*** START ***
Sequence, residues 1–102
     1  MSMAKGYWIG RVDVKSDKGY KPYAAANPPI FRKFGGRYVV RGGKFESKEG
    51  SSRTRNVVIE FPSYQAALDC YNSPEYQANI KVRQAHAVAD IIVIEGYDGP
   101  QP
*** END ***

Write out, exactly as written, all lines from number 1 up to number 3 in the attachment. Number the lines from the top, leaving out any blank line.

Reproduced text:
Sequence, residues 1–102
     1  MSMAKGYWIG RVDVKSDKGY KPYAAANPPI FRKFGGRYVV RGGKFESKEG
    51  SSRTRNVVIE FPSYQAALDC YNSPEYQANI KVRQAHAVAD IIVIEGYDGP